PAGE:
Minister slams Blair and Bush at funeral of Scottish soldier
A CHURCH minister has used the funeral of a teenage Scots soldier killed by a roadside bomb in Iraq to launch an embittered attack on the politicians who called the country to war.
The Rev Dr John Mann spoke of his anger toward Tony Blair and George Bush as Fusilier Gordon Gentle, 19, was buried with full military honours at St James’ Parish Church in Pollok, Glasgow.
The teenager was killed while on a routine patrol in Basra on 28 June, three months after joining the regiment.
At yesterday’s funeral service the minister, who is American, sent a message to the Prime Minister and the US president, declaring: "Shame on you."
His words, endorsed by Fusilier Gentle’s family, were echoed by about 1,000 mourners who heard Dr Mann insist that the teenager, who lived 500 yards from the church, was killed in an "unjust war".
"I want to believe that if there’s a God in heaven then there will be justice because I want someone to pay for Gordon’s death," Dr Mann told a hushed congregation.
"But only God may judge who is ultimately responsible and I can only admonish - I’m just a preacher. And if I were to point them out, I would say to president George Bush and Prime Minister Tony Blair, I have only three words of admonishment.
"I pray that they may some day be inscribed on the tablets of your hearts - and those three words are ‘shame on you’."
Before the service, members of the Royal Highland Fusiliers had stood guard as mourners filed inside, with many more listening as loudspeakers relayed the service outside.
A six-strong bearer party removed the coffin, draped in the Union Flag, as Euan Loudon, General Officer of 2nd Division, Edinburgh, and Fusilier Gentle’s company commander, Major Sandy Fitzpatrick, gave the salute.
Pipe Major Michael Gray played the Highland Cradle lament as the coffin was carried into the church, but failed to compete with the strains of the rock anthem I Don’t Want to Miss a Thing, by Aerosmith - a favourite of the young soldier.
George McNeilage, a community campaigner and family friend, said that the teenager was an "economic conscript", forced into the army because of a lack of prospects on the impoverished Pollok estate.
The teenager had simply hoped to get a driving licence and a trade from a career in the service, he said.
The soldier’s mother, Rose, 40, was supported by her husband, George, 45, and daughters, Pamela, 21, and Maxine, 14. Mrs Gentle has insisted her son was just a "bit of meat" to the government which sent him to war and denounced the conflict in Iraq as a "war over oil".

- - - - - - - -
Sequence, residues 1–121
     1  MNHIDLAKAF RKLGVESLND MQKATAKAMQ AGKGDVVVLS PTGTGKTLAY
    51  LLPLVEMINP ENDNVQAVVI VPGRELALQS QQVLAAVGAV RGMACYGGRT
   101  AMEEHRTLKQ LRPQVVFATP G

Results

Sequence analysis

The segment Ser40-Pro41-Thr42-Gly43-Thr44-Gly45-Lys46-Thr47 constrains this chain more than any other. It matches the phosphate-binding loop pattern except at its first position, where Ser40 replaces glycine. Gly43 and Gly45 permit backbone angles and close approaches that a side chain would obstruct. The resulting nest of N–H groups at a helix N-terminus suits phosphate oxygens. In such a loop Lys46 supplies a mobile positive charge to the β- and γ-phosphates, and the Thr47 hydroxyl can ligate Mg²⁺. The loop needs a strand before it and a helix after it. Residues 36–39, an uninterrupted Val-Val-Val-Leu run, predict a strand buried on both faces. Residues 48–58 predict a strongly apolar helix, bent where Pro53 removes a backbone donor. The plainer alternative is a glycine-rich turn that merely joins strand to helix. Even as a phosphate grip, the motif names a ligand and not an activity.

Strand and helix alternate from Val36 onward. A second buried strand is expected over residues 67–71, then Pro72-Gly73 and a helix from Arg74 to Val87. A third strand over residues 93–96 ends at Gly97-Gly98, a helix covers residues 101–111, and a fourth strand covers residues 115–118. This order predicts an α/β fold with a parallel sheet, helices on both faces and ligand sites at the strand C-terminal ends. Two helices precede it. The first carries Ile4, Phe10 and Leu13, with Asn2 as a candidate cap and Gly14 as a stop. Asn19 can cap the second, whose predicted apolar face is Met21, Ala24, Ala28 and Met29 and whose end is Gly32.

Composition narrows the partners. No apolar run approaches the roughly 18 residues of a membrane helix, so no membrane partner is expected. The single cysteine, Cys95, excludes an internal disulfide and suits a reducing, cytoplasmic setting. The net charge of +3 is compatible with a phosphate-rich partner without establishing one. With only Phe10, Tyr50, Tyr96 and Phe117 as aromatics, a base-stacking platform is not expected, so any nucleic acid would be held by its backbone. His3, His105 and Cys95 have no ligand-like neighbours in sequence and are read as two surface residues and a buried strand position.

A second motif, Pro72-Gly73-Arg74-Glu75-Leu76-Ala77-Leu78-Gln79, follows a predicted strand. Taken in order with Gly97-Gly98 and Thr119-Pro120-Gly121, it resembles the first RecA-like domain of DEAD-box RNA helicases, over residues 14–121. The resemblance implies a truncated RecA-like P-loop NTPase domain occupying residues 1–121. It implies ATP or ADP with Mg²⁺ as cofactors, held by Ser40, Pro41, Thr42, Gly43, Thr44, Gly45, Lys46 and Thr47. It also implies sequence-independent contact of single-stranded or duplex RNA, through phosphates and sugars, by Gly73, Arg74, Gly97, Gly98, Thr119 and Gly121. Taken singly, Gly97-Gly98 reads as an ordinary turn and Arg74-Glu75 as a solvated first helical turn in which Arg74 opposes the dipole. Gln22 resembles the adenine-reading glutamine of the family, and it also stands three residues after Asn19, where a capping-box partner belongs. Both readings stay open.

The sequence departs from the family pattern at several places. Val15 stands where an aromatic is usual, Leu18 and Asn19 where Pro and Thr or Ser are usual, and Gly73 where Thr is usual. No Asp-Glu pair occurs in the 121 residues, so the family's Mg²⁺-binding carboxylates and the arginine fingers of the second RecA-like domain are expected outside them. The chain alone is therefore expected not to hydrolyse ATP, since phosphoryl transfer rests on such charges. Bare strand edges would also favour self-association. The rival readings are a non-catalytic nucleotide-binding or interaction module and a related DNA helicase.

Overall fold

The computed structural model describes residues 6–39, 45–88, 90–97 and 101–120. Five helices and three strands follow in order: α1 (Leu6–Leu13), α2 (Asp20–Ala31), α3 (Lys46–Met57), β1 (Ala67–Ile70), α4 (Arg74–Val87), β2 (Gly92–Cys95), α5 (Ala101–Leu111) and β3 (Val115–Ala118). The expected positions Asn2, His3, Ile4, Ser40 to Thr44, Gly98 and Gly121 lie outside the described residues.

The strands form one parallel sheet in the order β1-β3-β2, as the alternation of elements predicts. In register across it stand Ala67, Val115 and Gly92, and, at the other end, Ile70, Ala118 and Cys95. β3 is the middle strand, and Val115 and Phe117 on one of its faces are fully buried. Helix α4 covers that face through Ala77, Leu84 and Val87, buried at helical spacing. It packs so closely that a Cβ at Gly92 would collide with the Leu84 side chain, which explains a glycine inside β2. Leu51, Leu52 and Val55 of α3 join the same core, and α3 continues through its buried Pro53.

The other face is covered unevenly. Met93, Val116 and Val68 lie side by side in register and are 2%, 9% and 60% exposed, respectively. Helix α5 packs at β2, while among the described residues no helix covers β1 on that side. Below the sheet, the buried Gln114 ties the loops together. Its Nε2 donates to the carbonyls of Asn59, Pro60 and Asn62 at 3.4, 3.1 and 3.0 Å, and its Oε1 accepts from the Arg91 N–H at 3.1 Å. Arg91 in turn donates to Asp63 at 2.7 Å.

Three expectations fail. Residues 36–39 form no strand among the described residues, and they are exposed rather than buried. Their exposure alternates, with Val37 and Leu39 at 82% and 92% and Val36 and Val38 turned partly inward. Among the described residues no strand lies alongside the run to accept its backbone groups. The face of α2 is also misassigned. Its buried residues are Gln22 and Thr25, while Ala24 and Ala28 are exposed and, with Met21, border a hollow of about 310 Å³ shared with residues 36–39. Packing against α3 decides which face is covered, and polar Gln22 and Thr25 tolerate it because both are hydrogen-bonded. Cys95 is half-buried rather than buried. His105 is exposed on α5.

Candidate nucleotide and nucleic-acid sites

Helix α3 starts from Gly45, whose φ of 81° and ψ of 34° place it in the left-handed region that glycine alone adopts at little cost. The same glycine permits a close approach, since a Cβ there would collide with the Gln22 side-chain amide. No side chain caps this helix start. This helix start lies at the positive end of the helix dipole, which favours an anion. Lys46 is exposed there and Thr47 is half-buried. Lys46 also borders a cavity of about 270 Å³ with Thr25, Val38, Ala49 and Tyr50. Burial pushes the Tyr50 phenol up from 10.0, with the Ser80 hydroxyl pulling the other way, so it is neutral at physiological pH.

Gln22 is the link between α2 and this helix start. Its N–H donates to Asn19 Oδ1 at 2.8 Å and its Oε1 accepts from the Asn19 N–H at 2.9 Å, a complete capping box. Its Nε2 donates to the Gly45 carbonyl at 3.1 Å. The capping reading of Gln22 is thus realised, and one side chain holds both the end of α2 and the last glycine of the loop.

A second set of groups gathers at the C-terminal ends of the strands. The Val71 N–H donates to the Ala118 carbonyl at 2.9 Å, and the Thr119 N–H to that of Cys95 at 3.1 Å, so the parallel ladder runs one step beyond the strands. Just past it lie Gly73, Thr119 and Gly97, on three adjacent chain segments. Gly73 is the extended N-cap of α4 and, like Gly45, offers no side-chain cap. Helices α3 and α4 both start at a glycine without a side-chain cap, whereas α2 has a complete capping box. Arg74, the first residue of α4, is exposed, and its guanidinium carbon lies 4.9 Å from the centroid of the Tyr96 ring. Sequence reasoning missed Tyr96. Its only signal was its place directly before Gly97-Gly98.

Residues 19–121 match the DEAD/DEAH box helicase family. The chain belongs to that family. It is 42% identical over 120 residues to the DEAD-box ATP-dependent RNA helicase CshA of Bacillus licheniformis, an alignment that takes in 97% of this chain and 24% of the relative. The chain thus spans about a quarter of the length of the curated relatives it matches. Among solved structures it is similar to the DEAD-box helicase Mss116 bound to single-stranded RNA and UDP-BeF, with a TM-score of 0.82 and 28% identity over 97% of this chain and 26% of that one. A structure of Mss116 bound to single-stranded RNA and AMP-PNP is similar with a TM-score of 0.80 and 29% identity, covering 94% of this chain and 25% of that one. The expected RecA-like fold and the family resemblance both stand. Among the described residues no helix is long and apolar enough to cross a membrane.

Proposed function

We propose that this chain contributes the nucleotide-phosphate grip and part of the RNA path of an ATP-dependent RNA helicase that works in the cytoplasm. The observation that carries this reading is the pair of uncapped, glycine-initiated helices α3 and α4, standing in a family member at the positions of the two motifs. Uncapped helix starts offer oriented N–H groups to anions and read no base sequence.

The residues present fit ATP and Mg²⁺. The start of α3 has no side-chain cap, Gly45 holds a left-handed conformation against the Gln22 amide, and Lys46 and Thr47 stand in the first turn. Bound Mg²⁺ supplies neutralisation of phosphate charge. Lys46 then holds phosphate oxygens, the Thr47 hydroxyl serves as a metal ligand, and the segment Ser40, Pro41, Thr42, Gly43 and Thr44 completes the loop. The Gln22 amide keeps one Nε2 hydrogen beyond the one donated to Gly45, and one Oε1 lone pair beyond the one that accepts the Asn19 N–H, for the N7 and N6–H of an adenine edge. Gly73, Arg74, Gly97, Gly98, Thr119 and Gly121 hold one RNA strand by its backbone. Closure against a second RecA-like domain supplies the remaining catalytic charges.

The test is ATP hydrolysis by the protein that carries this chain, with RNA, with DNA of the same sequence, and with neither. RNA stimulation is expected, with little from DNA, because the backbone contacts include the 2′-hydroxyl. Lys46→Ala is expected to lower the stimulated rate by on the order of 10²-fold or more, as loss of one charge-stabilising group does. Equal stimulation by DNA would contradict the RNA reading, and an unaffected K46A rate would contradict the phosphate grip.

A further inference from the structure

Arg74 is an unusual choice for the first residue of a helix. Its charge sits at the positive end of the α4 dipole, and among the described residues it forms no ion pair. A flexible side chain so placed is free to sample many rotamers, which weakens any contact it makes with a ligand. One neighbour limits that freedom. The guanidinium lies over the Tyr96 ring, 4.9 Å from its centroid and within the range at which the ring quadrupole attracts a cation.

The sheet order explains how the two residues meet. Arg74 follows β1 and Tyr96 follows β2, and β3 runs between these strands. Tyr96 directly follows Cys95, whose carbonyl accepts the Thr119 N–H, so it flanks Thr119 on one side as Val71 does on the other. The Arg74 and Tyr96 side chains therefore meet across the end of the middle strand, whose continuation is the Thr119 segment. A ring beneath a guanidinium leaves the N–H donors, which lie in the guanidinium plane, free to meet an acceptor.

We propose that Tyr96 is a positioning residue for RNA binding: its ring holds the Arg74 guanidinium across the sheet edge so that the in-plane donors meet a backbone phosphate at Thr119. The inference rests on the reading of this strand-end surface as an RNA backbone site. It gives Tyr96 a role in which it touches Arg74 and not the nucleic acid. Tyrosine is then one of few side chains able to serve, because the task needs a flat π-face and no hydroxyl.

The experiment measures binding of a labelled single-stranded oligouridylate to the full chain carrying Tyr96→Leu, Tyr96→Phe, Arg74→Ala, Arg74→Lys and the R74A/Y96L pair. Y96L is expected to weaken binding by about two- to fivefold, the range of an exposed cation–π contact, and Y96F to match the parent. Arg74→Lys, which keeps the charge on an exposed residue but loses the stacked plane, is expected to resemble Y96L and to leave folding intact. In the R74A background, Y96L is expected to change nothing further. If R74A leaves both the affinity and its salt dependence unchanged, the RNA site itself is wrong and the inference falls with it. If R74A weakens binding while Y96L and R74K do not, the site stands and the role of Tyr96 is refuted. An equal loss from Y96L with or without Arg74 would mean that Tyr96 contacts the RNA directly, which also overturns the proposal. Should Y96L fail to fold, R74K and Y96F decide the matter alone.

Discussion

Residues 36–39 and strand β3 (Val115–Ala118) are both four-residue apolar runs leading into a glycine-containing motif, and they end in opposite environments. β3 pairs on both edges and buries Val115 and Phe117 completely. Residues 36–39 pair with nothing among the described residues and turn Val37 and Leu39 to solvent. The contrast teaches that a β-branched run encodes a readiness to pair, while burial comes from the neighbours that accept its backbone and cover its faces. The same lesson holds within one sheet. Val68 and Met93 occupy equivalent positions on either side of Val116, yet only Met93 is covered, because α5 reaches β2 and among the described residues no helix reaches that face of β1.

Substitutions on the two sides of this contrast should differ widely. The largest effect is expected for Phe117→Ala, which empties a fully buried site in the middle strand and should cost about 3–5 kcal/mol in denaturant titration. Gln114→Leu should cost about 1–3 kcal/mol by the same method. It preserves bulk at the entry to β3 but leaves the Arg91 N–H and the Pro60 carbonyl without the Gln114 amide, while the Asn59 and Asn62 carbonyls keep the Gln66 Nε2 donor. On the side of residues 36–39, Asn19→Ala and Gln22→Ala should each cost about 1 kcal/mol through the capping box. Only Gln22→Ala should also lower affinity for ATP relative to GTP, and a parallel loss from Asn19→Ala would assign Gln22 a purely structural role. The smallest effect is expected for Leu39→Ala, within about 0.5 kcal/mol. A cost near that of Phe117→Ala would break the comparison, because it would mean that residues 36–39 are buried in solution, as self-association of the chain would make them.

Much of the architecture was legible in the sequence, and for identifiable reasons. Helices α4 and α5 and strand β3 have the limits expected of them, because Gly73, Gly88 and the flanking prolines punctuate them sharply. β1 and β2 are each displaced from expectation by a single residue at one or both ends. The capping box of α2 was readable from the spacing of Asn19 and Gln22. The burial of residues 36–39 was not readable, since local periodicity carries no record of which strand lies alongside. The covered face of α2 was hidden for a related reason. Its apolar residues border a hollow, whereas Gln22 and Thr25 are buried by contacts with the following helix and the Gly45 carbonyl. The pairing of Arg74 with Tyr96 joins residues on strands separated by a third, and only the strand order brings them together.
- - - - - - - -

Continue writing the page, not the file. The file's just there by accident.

Her conviction was reflected in the words of the minister, who was at pains to clarify that the criticism was not directed at Fusilier Gentle’s comrades, many of whom attended the service, but at their political masters.
Dr Mann added: "I am angry at the political leaders who created this war. I am angry at the politicians who themselves have never experienced the horror of war yet easily send others to war."
He said the case for war was based on "misinformation and lies", adding: "Those who are ultimately responsible for Gordon’s death will in all likelihood never face justice in this life."
He added: "Gordon now joins the ranks of fallen soldiers. He will forever remain 19 years old. One way that his sacrifice will not be in vain is if we, the living, live with hope - hope that someday we might just catch a glimmer of the promise of peace."
After the church service, Mr McNeilage, spoke on behalf of the family and expressed fear for another five sons of Pollok still serving in Iraq.
He described Fusilier Gentle as "a young man in the prime of his life who joined up as an economic conscript and who is now no longer with us".
Mr McNeilage added that Fusilier Gentle’s mother "was not finished" in her campaign against the politicians she blamed for her son’s death.
He added: "People in this community are angry, the family are angry and I think that the minister summed up the feelings of the family and the community when he talked about the politicians and how we don’t see their sons and daughters in places like Iraq.
"She is extremely angry about what has happened and her son being sent over there."
The Scottish Socialist Party leader, Tommy Sheridan, a close family friend, backed the minister, describing his words as "courageous".
Morag Mylne, the convener of the Church of Scotland’s Church and Nation Committee, said it was up to Dr Mann to choose the words used during the funeral service.
However, she added: "We didn’t believe that it was right to go to war and we maintain our opposition to the war."
A spokeswoman for the MoD said that Fusilier Gentle had received "adequate" training before being sent to Iraq.
However, she refused to be drawn on Dr Mann’s criticism, adding: "The minister is entitled to make his own comments and express his own personal opinion and we would express our deepest sympathies to Fusilier Gentle’s family. However, as far as we are concerned, he received adequate training."
At a private burial service, Fusilier Gentle’s comrades provided the last salute, firing a volley of shots over his grave.
Mr Blair faces a fresh blow over the credibility of the case he made for war as Lord Butler’s inquiry into pre-war intelligence is set to rubbish his claim that Saddam Hussein had weapons of mass destruction ready to use at 45 minutes’ notice.
Lord Butler will next week report on the assessment and production of intelligence on Iraq, and ministers are braced for criticism. The Butler report was handed over for printing yesterday, and it was reported last night that it will say that the 45-minute claim was not properly supported by credible intelligence.
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Saturday 25 May 2013
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